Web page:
Freedom From Religion Foundation Files Complaint After Judge Gives Convicted Police Officer a Bible

A Texas judge who offered a hug and a Bible to a former police officer convicted of murder is now under attack from the Freedom From Religion Foundation.

The atheist group has filed a complaint with the State Commission on Judicial Conduct against District Court Judge Tammy Kemp.

Kemp, who is black, presided over the trial of former Dallas police officer Amber Guyger, who is white.

Guyger was convicted this week of killing Botham Jean, an unarmed black man, after mistaking his own apartment for her own.

On Wednesday, jurors sentenced Guyger to 10 years in prison, KTXA reported.

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Kemp spoke briefly with Jean’s family, then left the courtroom, only to return with a Bible in her hands.

She presented it to Guyger, referencing John 3:16. The judge, still in her black robes, then hugged Guyger, according to The New York Times.

“You can have mine,” Kemp said in giving the convicted murderer her Bible. “I’ve got three or four more at home. This is the one I use every day.”

Was there anything wrong with what this judge did?

The Freedom From Religion Foundation said Kemp crossed a line.

“We write to raise your awareness of Judge Kemp’s actions at the close of the trial — during which she gifted a Christian bible, instructing the convicted criminal on how to read the bible and which passages to pay attention to, and witnessing to that convicted murderer,” the complaint against Kemp says.

“These proselytizing actions overstepped judicial authority, were inappropriate and were unconstitutional.”

Dallas County District Attorney John Cruezot did not agree.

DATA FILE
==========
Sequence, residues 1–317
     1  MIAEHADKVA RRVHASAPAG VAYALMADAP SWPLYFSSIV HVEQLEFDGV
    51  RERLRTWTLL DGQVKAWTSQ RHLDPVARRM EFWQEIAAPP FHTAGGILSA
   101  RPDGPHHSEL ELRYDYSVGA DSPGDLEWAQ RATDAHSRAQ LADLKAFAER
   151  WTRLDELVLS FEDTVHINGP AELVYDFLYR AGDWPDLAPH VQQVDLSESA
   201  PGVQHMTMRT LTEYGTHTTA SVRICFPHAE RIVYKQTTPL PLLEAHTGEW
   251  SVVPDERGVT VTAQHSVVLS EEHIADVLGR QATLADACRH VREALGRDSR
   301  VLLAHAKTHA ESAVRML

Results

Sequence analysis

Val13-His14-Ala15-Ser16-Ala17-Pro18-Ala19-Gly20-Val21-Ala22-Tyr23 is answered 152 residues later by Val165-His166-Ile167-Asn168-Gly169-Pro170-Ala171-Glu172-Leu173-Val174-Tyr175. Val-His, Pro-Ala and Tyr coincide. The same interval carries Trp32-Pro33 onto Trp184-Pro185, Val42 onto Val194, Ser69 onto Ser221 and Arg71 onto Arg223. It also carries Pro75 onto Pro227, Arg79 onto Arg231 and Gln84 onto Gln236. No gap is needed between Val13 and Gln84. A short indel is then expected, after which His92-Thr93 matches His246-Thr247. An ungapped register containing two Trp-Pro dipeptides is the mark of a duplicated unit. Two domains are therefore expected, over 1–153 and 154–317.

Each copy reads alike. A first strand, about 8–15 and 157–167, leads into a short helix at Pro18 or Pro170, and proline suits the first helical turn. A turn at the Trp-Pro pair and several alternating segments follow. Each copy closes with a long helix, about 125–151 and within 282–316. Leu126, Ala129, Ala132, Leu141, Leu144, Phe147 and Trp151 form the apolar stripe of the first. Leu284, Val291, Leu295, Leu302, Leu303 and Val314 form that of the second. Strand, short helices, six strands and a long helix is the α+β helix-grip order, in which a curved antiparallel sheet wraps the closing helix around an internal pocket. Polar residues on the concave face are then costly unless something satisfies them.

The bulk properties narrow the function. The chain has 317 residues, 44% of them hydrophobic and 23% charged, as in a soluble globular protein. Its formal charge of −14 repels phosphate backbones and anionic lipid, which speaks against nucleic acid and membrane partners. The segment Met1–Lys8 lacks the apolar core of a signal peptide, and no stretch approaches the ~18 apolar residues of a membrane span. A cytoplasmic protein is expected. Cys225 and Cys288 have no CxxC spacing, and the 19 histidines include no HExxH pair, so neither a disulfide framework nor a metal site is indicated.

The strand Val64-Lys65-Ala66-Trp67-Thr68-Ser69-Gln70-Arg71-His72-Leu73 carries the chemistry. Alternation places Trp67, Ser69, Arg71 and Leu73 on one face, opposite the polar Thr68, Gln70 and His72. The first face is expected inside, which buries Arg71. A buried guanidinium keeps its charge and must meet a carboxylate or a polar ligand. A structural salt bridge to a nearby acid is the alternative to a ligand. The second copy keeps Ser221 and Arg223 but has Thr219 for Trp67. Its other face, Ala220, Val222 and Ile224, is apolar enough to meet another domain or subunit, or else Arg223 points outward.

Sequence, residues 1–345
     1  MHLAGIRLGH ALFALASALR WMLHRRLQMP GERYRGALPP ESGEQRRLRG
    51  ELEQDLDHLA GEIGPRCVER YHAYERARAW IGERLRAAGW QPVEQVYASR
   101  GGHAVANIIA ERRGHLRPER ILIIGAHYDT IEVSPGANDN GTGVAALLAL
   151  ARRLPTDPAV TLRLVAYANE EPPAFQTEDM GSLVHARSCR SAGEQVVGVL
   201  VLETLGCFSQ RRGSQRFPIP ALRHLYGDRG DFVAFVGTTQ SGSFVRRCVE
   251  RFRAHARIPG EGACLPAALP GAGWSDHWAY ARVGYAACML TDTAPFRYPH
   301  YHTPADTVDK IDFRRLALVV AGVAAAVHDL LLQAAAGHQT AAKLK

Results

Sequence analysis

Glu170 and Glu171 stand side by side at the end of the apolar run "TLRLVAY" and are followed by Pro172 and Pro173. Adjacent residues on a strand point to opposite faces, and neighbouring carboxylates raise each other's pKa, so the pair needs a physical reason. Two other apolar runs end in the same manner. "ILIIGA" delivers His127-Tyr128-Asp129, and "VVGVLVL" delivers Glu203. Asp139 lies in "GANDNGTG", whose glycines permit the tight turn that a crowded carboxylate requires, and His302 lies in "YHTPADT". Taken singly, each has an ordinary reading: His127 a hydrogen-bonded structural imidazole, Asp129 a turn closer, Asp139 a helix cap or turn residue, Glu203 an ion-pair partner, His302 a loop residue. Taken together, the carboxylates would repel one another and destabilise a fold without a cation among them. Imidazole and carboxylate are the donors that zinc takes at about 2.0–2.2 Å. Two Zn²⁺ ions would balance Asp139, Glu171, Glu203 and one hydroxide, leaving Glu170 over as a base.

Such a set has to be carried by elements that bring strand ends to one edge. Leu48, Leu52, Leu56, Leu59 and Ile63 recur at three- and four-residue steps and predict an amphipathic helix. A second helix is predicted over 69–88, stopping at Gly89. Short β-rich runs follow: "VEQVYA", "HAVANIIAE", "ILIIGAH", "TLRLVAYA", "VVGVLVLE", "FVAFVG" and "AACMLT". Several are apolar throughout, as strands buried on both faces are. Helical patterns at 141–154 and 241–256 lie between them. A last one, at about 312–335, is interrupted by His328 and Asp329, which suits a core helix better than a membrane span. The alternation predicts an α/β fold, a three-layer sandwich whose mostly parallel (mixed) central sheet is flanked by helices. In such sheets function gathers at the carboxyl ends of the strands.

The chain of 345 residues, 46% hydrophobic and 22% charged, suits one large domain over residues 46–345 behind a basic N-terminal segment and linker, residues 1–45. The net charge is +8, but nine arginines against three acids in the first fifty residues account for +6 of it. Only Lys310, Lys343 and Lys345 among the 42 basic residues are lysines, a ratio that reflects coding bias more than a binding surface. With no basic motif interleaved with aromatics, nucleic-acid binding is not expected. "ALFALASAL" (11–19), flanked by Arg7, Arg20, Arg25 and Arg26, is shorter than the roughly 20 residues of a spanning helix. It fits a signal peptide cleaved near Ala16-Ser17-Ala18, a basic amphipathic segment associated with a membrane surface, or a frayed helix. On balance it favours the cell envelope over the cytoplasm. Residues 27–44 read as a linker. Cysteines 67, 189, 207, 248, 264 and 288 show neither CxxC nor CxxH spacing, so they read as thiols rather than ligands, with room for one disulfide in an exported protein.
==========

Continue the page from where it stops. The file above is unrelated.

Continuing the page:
“If anyone complained, I would do everything I could to support the appropriateness of it,” he told KTXA.

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“I can’t tell you I’ve done the same exact thing, but I have spoken to defendants, have I given them a hug, perhaps. Not given a Bible, that’s not me, but I don’t think there’s anything inappropriate about what she did, and I would support that, if anyone tried to file a complaint, I would do my best to intercede and protect her.”

Debate over the judge’s actions raged on Twitter.

The emotional scene at the end of the sentencing phase of the trial mirrored what happened earlier, when Brandt Jean, the victim’s younger brother, spoke to Guyger in court.

“If you truly are sorry, I know I can speak for myself — I forgive you. And I know if you go to God and ask him, he will forgive you,” he said.

“I love you just like anyone else and I’m not going to say I hope you rot and die just like my brother did. I personally want the best for you,” Brandt Jean said. “I wasn’t going to ever say this in front of my family or anyone, but I don’t even want you to go to jail. I want the best for you because I know that’s exactly what Botham would want.”

“Give your life to Christ,” he added. “I think giving your life to Christ would be the best thing that Botham would want you to do.”

“I love you as a person, and I don’t wish anything bad on you.”

Brandt Jean then asked permission to embrace Guyger, which Kemp granted.

Reaction to the judge’s actions varied among experts.

“Impartiality is what matters,” Amanda Frost, a professor at American University’s Washington College of Law, told The Times. “If the judge shows it throughout the trial and then shows some compassion to the defendant afterward, I don’t have a problem with that.”

Giving Guyger the Bible, however, was “questionable,” she said.

Another commentator said the outpouring of emotion was too much for the judge to ignore.

“Some judges seem to be able to turn off their emotions and not see the humanity, but I was never able to do that,” Jan Breland, a retired Austin judge, told The Times. “These people that come through our courts are human beings, regardless of the things they’ve done. They all have mamas, and they were all little boys and little girls at one time.”

“That brother, that young man, it was almost like seeing Jesus talk,” she said. “The compassion and the grace that he showed were amazing, and it obviously got to the judge.”

Deborah Rhode, director of the Center on the Legal Profession at Stanford Law School, said Kemp’s actions, coming after the trial, were not inappropriate.

“All the judge did is express some bonds of common humanity, and I don’t think we should be punishing judges for that,” she told The Times. “If anything, our legal system has suffered from an absence of adequate compassion.”